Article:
When someone visits your site and leaves without taking an action — i.e., visiting more than one page or filling out a form — GA classifies this as a “Bounce.” Bounces aren’t bad in and of themselves. It could be someone visited one of your articles or infographics, enjoyed it (as indicated by Avg. Session Duration), and then left.
Unfortunately — even if someone leaves happy — it’s still a missed opportunity for you to capture their information and develop an ongoing relationship.
(4) What are my most popular pages?
Discovering what content on your site is already popular is perhaps one of the best clues about the kind of content you should create in the future. This is the kind of content — along with GA Goals, which we’ll talk about next — that has the biggest payoff.
To do this, click on the following menu items in GA’s left-hand navigation:
Selecting “All Pages” will give you a big-picture view of how your pages are performing:
(5) How many of my visitors become leads or prospective leads?
To measure how many of your total online visitors become leads, you’ll need to set up GA Goals.
Things get a bit more complicated here, but Kissmetric’s4 Google Analytics Goal Types That Are Critical To Your Business provides instructions and screenshots to guide you:
If you’re a Carrot Member, a far easier way to audit and analyze your site’s converting power is throughout yourCarrot dashboard:
(6) Where are my visitors coming from (search, social, referral, or paid)?
GA calls this “Acquisition.” It can be viewed in two ways. First, “Acquisition Overview”:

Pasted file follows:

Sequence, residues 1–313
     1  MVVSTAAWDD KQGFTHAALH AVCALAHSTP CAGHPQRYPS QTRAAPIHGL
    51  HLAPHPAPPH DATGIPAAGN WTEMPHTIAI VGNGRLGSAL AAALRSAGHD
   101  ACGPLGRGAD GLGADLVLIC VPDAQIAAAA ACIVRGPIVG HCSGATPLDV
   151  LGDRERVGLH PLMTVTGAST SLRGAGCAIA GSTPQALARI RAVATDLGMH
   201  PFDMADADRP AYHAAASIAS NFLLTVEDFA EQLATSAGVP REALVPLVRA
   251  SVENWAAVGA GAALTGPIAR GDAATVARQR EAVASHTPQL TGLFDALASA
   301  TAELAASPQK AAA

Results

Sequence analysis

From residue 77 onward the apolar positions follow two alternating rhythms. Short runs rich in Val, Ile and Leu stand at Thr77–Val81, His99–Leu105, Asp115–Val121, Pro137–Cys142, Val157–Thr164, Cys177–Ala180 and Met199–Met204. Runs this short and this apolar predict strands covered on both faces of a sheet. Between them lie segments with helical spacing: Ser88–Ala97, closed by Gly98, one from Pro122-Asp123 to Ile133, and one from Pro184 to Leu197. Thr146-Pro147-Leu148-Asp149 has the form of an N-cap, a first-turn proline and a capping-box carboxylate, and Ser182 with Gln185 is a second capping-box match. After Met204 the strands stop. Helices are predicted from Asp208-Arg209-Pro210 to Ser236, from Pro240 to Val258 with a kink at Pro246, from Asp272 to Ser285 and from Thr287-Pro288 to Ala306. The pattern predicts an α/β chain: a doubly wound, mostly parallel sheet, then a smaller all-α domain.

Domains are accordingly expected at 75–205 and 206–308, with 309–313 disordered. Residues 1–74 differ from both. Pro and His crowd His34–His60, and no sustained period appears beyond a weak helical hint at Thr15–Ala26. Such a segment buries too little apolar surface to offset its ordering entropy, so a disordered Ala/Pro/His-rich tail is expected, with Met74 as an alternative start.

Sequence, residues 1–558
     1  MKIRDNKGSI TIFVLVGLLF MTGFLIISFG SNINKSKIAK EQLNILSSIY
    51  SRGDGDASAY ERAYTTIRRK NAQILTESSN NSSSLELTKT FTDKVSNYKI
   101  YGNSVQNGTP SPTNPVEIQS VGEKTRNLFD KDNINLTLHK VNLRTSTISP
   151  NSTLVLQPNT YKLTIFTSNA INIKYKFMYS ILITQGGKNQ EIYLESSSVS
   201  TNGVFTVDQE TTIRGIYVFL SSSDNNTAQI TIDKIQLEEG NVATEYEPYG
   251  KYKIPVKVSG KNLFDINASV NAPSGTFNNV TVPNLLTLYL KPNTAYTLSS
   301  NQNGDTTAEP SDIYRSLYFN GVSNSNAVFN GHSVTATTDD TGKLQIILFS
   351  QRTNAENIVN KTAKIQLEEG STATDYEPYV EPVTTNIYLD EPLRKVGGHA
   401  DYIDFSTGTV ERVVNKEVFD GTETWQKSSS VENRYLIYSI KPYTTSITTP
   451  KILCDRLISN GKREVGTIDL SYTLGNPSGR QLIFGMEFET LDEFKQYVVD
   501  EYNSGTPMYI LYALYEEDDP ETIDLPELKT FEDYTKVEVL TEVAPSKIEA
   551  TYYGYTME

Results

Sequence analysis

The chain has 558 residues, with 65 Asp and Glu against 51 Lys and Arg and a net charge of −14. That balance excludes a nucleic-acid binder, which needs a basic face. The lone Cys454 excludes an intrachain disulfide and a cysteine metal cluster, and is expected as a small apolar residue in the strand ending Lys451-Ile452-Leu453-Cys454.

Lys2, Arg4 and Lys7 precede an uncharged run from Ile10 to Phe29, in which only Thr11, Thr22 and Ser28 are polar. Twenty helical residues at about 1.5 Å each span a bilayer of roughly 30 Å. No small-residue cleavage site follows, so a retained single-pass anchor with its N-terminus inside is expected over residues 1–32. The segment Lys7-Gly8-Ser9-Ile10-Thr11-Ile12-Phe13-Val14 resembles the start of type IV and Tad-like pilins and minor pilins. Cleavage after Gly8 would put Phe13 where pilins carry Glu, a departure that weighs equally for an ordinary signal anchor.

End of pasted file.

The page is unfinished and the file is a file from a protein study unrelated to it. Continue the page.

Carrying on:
Obviously, GA is a robust tool. But starting with these six basic questions will lay a foundation for determining what’s next. After all, if you don’t know how people are behaving on your site, then you have no way of setting or measuring goals.
SEO is also critical to the success of your website. Organic Google rank is something we focus on a lot here at Carrot:
None of that happens by chance. We intentionally optimize all our pages and content to get to the top of search results.
The question is: where do you stand?
A simple test is to Google some of the words that matter most to home buying and home selling in your area. You might also do the same thing for the questions and answers you’ve already tackled with your content. This should help give you a decent idea of where you stand in regards to SEO.
[Does Carrot have an SEO audit tool for ranking? Or is there one you recommend? I use Moz, but I didn’t want to write that up before getting the okay.]